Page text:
- John Donne
Federico García Lorca
There is no difficulty that enough love will not conquer, no disease that enough love will not heal, no door that enough love will not bridge, no wall that enough love will not throw down, no sin that enough love will not redeem… It makes no difference how deeply seated may be the trouble, how hopeless the outlook, how muddled the tangle, how great the mistake. A sufficient realization of love will dissolve it all. If only you could love enough, you could be the happiest and most powerful being in the world.
- Emmet Fox
We are not the same persons this year as last;
nor are those we love. It is a happy chance if we,
changing, continue to love a changed person….
- W. Somerset Maugham
In the slaughterhouse of love they kill only
the best, none of the weak or deformed.
Don’t run away from this dying.
Whoever’s not killed for love is dead meat.
— Courtney A. Walsh (via floodthestreetswithlovee)
A perfect creator builds in a mechanism that motivates us to learn about our relationship with the creator. We find our selves filled with desire to know perfect order, perfect love, perfect pleasure, perfect beauty, and we constantly strive to learn more, experience more, and become one with this perfection.
[…] we find ourselves on a constant search for the most beautiful, the most sensual, the most inspiring, the most enlightening, or the most creative human we can find. Notice that when we are in full rapture with such a human we often call them an “angel”, or a god or goddess, or place them on a pedestal and sometimes declare that we “cannot go on living without them”; because if they leave us it is as if our very reason for life goes with them. I do not believe this feeling is unwarranted, only misunderstood.
In reality no human can ever be there or produce for us all the time every time, yet this is what we want, ask for, and even give in promise to each other. No human can love us perfectly, yet the craving for this remains. No human can provide us with perfect happiness or pleasure, yet this too we seek. I suspect that when we live without a healthy sense of spiritual awareness or direction, we use each other to fulfill these desires which were meant to lead us to greater understanding of ourselves and our spiritual nature.
Just for a day
She won’t think
And the fish will forget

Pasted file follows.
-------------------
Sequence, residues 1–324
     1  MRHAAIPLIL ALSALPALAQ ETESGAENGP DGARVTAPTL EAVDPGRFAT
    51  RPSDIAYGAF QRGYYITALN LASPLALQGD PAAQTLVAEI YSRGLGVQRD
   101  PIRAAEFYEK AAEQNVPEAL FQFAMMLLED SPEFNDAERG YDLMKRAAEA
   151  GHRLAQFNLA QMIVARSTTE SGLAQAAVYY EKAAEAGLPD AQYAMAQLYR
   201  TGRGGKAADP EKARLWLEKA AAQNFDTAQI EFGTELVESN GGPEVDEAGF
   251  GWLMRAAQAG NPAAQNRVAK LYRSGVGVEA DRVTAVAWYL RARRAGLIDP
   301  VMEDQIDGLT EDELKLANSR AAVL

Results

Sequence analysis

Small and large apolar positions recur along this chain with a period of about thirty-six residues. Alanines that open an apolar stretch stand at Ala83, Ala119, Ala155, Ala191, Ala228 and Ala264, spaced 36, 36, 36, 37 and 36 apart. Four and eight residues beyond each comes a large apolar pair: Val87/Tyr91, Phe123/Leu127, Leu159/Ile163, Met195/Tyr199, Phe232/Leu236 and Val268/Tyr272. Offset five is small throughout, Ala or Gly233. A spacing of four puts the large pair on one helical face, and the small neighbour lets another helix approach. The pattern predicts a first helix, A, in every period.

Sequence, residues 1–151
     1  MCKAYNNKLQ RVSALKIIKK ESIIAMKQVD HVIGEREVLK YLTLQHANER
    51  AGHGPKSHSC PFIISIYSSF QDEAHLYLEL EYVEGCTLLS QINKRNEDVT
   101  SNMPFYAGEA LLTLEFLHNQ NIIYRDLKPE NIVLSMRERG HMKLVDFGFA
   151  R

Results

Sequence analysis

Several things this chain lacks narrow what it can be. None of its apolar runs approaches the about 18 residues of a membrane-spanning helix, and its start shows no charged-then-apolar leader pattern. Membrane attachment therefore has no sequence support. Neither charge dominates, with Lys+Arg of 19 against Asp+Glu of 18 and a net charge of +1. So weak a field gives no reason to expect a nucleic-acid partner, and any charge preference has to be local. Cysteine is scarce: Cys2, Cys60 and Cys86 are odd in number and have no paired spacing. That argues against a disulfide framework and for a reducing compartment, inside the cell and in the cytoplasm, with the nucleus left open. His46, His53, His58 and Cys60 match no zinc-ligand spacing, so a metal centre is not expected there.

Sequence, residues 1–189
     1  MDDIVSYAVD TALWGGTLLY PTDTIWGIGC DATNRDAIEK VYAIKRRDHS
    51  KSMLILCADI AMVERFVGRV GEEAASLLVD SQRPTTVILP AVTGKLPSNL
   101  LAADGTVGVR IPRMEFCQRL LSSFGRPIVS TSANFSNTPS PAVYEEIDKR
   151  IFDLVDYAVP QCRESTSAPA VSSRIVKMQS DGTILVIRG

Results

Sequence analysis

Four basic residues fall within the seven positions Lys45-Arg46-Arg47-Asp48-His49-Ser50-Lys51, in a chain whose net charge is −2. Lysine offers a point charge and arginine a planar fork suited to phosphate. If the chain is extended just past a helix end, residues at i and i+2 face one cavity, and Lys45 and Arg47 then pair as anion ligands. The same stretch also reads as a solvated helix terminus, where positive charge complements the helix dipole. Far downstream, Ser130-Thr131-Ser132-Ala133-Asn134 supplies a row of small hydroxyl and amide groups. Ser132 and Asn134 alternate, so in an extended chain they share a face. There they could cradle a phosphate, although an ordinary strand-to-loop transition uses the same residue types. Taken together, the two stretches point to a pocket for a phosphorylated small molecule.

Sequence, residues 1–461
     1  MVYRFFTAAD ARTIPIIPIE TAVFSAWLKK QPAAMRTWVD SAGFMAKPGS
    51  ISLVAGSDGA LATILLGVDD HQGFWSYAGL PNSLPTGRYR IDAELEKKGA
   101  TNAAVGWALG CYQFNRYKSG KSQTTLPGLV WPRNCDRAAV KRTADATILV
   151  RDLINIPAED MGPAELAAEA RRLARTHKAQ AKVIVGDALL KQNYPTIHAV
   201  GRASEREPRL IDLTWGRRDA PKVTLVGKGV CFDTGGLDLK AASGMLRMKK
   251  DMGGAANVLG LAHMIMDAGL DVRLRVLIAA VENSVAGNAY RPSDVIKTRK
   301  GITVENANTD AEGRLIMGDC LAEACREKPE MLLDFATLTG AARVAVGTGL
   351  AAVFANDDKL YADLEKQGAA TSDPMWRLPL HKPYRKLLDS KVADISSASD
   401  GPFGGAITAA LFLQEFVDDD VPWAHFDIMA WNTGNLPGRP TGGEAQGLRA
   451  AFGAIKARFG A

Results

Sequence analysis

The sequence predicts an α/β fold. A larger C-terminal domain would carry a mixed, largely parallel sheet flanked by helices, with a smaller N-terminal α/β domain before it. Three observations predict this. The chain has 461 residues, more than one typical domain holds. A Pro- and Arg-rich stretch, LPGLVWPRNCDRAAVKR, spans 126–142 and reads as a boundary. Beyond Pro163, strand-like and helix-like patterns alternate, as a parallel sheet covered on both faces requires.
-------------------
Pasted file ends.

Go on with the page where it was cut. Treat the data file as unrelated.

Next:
Their way about water
The sun will be suspended
Burning helpless in the orbit
The umbilical chord will coil
Time’s own neck
Just for a day
will place her lamp
between the sun and the moon
And the seven sages in the sky
Will get worried
Letters will fly away
Falling off the scripts
Creatures will forget their faces
And no mirrors will be there
Just for a day
You will go
Into an ethereal mist
For a moment
And darkness will befall
The whole of universe
Lava will gather
In the guts of earth
snails will burn
inside their shells
In just a day’s
her body will turn blue
from its own bite
Unless we are very, very careful, we doom each other by holding onto images of one another based on preconceptions that are in turn based on indifference to what is other than ourselves. This indifference can be, in its extreme, a form of murder and seems to me a rather common phenomenon. We claim autonomy for ourselves and forget that in so doing we can fall into the tyranny of defining other people as we would like them to be. By focusing on what we choose to acknowledge in them, we impose an insidious control on them. I notice that I have to pay careful attention in order to listen to others with an openness that allows them to be as they are, or as they think themselves to be. The shutters of my mind habitually flip open and click shut, and these little snaps form into patterns I arrange for myself. The opposite of this inattention is love, is the honoring of others in a way that grants them the grace of their own autonomy and allows mutual discovery.
- Anne Truitt
In Zen literature the word intimacy is often used as a synonym for enlightenment. In the classical Zen enlightenment stories, a monk or a nun is reduced simultaneously to tears and laughter as he or she suddenly recognizes that nothing in this world is separate, that each and every thing, including one’s own self, is nothing but the whole, and that the whole is nothing but the self. What are such stories telling us if not that love is much wider and deeper than an emotion? Love is the fruition of, the true shape of, one’s self and all that is.
- Norman Fischer, Taking Our Places: The Buddhist Path to Truly Growing Up
In the end these things matter most: How well did you love? How fully did you love? How deeply did you learn to let go?
- Siddhartha Gautama
Hereto I adjoin a parable. There were a certain man and wife; the woman by accident lost an eye, and was sorely troubled thereat. Her husband then said to her, “Wife, why are you troubled? “She answered, “It is not the loss of my eye that troubles me, but the thought that you may love me less on account of that loss.” He said, “I love you all the same.” Not long after he put one of his own eyes out, and came to his wife and said, “Wife, that you may believe I love you, I have made myself like you: I, too, now, have only one eye.” So men could hardly believe that God loved them till God put one of His eyes out, that is took upon Himself human nature, and was made man.
- Meister Eckhart’s Sermons, THE ANGEL’S GREETING
And when two people have loved each other
see how it is like a
scar between their bodies,
stronger, darker, and proud;
how the black cord makes of them a single fabric
that nothing can tear or mend.
- For What Binds Us by Jane Hirshfield